Ubuntu OS turns smartphones into computers
I must admit I did see it coming but not this early. Speculations were rife last year but I could not have predicted Ubuntu OS, which is an open-sourced operating system for PCs and TVs would be launched at early stage of the year 2013.Ubuntu has now announced what is considered as the first OS to offer a single system that can run across smartphone, computer and connected Television sets.The Ubuntu OS’s docked phone can act as a thin client for remote desktop applications, which will allow users to stream Windows apps from a corporate data centre. Canonical CEO Jane Sibler is quoted as saying they expect Ubuntu to be popular in the enterprise market, enabling customers to provision a single secure device for all PC, thin client, and phone functions. Jane Sibler added that Canonical sees an opportunity in basic smartphones that are used for the phone, SMS, web, and email, where Ubuntu exceeds expectation thanks to its native core apps and stylish presentation. The founder of Ubuntu Mark Shuttleworth revealed full Linux is essential Unix to our pockets. According to him, that means all the security stories that are true of desktop and server Ubuntu are true of the phone. It means the multi-user story is there and this means the application containment story is there, using Linux containers and virtualization. It means the parallel symmetric multi-processing multi-core story is there from the beginning and users can do things with Ubuntu devices on the high end that just wouldn’t be possible with other existing mobile Operating Systems.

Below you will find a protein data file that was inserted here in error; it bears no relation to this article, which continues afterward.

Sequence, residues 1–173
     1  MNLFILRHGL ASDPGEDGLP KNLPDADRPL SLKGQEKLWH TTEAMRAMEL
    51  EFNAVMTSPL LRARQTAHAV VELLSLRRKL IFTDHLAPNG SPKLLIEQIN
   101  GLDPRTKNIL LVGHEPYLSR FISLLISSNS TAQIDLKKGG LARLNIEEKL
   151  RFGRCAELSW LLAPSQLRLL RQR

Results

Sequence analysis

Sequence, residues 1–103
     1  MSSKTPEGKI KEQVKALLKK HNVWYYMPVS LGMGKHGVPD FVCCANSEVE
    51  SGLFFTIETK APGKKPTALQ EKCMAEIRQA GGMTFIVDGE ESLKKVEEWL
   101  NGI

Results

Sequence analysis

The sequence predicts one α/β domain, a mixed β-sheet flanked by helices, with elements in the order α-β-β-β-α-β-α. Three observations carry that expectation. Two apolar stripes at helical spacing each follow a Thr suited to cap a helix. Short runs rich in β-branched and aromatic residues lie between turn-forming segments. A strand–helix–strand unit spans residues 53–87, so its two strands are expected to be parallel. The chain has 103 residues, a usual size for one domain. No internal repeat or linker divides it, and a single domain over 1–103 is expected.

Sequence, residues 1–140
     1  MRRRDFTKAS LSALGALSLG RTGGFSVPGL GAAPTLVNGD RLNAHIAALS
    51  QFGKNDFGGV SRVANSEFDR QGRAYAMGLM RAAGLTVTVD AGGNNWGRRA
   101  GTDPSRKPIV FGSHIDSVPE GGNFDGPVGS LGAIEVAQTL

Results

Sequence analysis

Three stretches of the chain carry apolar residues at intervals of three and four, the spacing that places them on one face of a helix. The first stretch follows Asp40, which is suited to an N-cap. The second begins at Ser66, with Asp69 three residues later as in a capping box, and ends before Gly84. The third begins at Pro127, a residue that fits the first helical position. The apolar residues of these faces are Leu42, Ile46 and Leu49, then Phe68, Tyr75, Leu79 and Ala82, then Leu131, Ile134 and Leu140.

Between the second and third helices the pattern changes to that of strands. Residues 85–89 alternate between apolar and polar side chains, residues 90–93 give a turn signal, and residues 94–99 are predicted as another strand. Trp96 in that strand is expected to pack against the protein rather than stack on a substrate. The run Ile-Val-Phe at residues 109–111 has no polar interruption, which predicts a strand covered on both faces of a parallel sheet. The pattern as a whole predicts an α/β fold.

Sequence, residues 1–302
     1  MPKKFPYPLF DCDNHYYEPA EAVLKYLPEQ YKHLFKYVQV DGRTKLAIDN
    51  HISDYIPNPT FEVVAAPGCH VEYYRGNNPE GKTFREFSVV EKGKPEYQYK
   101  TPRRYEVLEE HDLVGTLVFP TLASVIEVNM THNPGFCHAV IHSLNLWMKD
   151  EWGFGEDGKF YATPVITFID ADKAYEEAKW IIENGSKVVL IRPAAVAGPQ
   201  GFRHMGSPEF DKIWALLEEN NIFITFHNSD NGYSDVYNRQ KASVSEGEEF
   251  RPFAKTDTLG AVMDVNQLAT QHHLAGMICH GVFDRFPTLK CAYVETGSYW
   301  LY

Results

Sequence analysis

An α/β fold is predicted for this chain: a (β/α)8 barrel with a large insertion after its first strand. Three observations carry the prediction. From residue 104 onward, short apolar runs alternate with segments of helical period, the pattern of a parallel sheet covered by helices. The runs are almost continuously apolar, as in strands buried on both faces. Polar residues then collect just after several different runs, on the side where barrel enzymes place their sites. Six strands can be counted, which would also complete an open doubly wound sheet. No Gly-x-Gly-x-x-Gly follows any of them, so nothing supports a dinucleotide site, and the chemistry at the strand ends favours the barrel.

Ubuntu mobile OS also supports the Android kernel and drivers, which enables the OS to run on current Android tablets and smartphones. However, unlike Android, Ubuntu does not have the overhead of a Java virtual machine and allows the operating system to deliver much better performance even on low-end hardware. They plan to initially release the mobile driven operating system as a free download for installation on any Samsung Galaxy Nexus phones in the coming weeks, with support for other Android handsets and tablet computers to come later. Good news of them all in my opinion are plans to ship the first Ubuntu handset at the end of this year. That would be very interesting to see because Ubuntu mobile interface has retained the ‘Unity’ look and feel of Ubuntu’s desktop OS. While watching the launch video online, I was impressed with the way Canonical demonstrated at the launch the ability to turn a smartphone running Ubuntu into a fully fledged Ubuntu desktop PC by simply docking the smartphone with a keyboard and monitor. I think the launch will alter the three horse race in operating systems battle to four horse race in coming years if Ubuntu team gets it right.